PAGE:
Archive for August, 2011

Killing trees to merge the left.

Wednesday, August 31st, 2011

Print media in Canada either spend their editorial efforts on appearing thoughtful or on being shallow.  Both efforts—the honest one and the dishonest one—needlessly kill a lot of trees.  The subject de jour for the thoughtful media is the merger of Canada’s Liberal and New Democratic Parties and the leadership of each or the one that is produced by the merger.  It is certainly going to use a lot of ink and newsprint.

Speculation about potential leaders will be the saviour for harried editors when they have no fires to report.  The first leadership will be for the NDP and that is expected to be in the early part of 2012.  The Liberal Party intends to wait until 2014.  The Liberals will give editors a chance for speculative stories on all 34 current Liberal MPs, several dozen provincial Liberals and assorted others in that time.

The most amusing pseudo think piece so far was the one today in the Toronto Star by left-leaning writer Thomas Walkom.  He is touting Interim Liberal Leader Bob Rae for the top NDP post.  He thinks it would be a natural for Rae but admits that it might be tough to swallow for some of Rae’s former NDP cohorts.

Rae’s Liberal leadership hopes are also a stretch for many Liberal Party members.  What Rae proved as Premier of Ontario in the early 1990s was that he is a good campaigner, a so-so premier and a lousy politician.  If he will just stick to his promise the other day to keep Stephen Harper’s Conservative’s feet to the fire about jobs for the next two years, he will earn an honoured position with the Liberal Party.  It will just not be the top job.

The NDP has its own problems.  If you read Jack Layton’s last letter in its entirety, you will discover it is not an NDP document.  Find where it mentions the Canadian Labour Congress which shares control of that party?  Where are the class struggles and the collectivism that built the NDP?  The letter has been crafted as a social democrat document and left-of-centre Liberals would have no cause to disagree with what it says.

An early front-runner in the NDP race to replace Jack Layton is Deputy Leader MP Tom Mulcair from Montreal.  Mulcair was a Quebec Liberal cabinet minister until he split with Premier Jean Charest over a purported environmental issue.  He should ask Stéphane Dion, the former federal Liberal leader, what being an environmentalist gets you in Canadian politics.

Bear in mind also that there are active Liberals and NDPers who will never take the possibility of a merging of the two parties seriously.  A merged party will not include a sizeable number of right wing Liberal members in that party.  This includes Liberals such as former leader Paul Martin and MPs such as Ralph Goodale.  A merged party would also be an uncomfortable place for some of the older, embittered NDP socialists who think of Liberals as the enemy.


Copyright 2011 © Peter Lowry

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Doctors first: House calls second.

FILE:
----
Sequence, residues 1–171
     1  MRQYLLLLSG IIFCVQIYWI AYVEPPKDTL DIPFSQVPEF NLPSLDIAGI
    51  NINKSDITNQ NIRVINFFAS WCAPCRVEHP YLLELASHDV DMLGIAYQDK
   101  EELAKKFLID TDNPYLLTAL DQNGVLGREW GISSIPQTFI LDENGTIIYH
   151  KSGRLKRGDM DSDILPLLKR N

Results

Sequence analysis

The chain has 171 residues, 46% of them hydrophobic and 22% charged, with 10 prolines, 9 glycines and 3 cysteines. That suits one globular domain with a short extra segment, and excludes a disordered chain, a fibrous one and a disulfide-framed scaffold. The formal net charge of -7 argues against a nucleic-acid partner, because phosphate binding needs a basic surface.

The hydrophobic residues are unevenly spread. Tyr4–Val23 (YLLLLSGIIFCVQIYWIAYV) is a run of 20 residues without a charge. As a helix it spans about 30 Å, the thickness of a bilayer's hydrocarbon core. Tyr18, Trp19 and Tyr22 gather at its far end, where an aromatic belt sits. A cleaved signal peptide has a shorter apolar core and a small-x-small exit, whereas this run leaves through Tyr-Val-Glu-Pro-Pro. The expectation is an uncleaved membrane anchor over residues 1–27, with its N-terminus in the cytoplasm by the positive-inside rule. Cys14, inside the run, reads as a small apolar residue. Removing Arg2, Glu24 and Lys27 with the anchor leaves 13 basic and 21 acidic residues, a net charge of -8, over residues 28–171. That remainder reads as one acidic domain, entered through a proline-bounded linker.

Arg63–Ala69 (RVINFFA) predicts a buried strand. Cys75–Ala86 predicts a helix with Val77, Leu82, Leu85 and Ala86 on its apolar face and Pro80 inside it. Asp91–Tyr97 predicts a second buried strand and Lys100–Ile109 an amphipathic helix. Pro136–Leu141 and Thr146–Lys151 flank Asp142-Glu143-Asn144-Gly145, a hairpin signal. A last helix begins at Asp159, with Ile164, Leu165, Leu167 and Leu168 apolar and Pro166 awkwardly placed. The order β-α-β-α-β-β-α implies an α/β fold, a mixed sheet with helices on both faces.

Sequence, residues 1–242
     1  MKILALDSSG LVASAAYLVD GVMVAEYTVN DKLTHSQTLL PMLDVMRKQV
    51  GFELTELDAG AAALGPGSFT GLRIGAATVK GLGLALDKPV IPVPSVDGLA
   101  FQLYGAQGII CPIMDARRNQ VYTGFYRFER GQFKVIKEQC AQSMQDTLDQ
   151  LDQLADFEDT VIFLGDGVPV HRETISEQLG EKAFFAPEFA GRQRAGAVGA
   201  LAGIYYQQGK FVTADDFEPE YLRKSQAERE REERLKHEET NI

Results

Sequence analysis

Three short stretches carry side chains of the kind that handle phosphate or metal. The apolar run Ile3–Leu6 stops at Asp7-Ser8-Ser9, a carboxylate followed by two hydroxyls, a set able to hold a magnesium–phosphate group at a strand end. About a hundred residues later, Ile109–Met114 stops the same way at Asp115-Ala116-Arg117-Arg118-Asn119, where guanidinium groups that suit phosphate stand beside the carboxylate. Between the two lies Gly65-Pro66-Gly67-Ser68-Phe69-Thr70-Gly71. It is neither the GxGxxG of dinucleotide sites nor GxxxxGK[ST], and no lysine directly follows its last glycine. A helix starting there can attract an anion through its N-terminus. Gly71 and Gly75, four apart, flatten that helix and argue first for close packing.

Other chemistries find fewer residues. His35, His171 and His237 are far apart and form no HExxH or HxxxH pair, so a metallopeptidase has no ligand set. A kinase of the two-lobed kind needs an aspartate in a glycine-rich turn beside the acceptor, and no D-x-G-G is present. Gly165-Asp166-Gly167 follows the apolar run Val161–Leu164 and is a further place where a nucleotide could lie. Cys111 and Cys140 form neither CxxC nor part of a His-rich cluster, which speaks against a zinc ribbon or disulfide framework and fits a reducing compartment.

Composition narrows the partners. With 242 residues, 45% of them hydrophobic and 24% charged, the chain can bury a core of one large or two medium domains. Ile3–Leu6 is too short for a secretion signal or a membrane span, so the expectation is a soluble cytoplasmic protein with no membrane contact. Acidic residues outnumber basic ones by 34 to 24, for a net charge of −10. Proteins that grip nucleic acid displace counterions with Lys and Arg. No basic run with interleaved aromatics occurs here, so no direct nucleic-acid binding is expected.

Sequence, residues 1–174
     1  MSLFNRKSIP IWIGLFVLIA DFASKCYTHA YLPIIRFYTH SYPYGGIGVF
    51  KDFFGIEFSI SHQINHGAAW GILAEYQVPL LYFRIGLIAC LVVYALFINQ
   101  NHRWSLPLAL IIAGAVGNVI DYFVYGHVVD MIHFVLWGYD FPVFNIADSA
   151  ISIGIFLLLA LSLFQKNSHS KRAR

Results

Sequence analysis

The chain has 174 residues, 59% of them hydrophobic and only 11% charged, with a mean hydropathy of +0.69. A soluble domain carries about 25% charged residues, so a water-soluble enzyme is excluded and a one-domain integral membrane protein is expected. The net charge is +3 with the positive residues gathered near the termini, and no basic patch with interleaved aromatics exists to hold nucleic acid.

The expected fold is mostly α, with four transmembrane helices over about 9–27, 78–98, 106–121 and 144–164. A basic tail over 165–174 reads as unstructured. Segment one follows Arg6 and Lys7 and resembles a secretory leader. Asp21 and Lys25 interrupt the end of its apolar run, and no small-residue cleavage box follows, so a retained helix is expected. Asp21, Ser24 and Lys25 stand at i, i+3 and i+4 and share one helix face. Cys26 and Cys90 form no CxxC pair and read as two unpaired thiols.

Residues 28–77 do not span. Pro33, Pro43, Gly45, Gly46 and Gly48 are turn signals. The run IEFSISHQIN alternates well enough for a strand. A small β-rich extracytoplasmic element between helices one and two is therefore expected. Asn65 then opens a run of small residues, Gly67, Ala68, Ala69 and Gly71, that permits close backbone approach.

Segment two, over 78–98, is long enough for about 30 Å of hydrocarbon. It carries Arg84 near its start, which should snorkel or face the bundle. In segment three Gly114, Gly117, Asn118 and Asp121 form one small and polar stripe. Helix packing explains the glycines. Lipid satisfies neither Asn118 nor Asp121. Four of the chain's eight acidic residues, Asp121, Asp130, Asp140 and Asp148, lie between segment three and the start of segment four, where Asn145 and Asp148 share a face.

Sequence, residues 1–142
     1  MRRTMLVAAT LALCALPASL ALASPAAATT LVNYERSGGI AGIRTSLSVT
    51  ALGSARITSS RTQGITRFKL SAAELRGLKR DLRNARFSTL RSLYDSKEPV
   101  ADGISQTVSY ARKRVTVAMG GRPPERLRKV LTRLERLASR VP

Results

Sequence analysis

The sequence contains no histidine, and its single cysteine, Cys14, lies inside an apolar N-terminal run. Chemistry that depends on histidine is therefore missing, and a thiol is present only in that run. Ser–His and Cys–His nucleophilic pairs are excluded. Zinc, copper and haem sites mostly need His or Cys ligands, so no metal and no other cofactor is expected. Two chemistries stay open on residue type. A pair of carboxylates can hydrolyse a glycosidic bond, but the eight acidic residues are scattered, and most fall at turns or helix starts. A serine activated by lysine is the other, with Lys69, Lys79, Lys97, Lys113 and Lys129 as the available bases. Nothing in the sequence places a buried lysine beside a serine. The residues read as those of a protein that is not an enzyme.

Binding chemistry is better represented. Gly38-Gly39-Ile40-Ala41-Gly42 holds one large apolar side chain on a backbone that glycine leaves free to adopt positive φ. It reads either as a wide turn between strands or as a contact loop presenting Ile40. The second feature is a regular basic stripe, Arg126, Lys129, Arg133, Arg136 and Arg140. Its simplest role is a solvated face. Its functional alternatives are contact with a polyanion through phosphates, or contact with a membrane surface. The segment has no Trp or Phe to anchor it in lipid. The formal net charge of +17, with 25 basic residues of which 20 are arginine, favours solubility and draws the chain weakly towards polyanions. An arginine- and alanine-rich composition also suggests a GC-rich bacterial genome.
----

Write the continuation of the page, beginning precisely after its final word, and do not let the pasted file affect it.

Monday, August 29th, 2011

And here we thought Deb Mathews was one of the brighter lights in the McGuinty cabinet.  We all make mistakes but Mathews offer of doctors providing house calls for seniors could be a serious stretch.  While we all understand the logic and economic sense she is making, there is no question that she has things backwards.

First you have to have doctors who will accept seniors as patients.

This is not just a problem in Ontario, it is a disgrace that is impacting millions of families.  While the Ontario Medical Association has said that doctors are not to discriminate against seniors, nobody enforces it.  The Ontario Human Rights Commission ignores it.  Hospitals not only allow doctors to discriminate but they actively support them in it.

While tens of thousands of seniors, the people in greatest need for properly controlled health care, lack a family doctor, McGuinty runs around the province touting his government’s accomplishments in more families getting doctors.  Why he wants to take the credit for the new doctors who made the decision to go into medicine during the Harris Conservative government years, is not clear.

What is clear is that these new doctors only want to serve young, healthy families.  Why?  Because that is how they will be paid the most by the government.  There is no percentage for a new general practitioner to take on seniors.  The old people have complex problems, take up far too much time and are a strain on a new practice.

The McGuinty government deserves the credit for coming up with the sensible arguments for an ‘Aging at Home’ policy.  It seems to be the steps needed to make it happen that are tripping up the government.  In the meantime, there are probably more than 10,000 seniors in Ontario on the waiting lists for nursing home beds.  The Harris government might be blamed for the problems in the system but the waiting list has become almost three times as long since McGuinty took over.

The person who wrote the dialogue for the 1949 Humphrey Bogart-John Derek movie Knock on any door certainly spoke for Ontario seniors when he advised people to live fast, die young and leave a beautiful corpse.


Copyright 2011 © Peter Lowry

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Halleluiah, Halleluiah Brother.

Sunday, August 28th, 2011

Prime Minister Stephen Harper might not have thought through all the potential effects of a state funeral for Jack Layton.  This was the first state funeral for an opposition leader in 100 years and that last one was for Wilfrid Laurier who was a former Prime Minister.  Where Harper might have miscalculated was that he provided Stephen Lewis, a former  Ontario New Democrat leader, with a national audience for a highly partisan eulogy.

It was a beautifully crafted speech that contained standing ovation after standing ovation.  It went way beyond a celebration of the life of Jack Layton.  And how often do you have standing ovations at a funeral?  When the wandering cameras came to rest later during the service on Stephen Lewis and his wife Michele Landsberg, you were seeing one of Canada’s best orators with one of its best writers.  That is a powerful combination.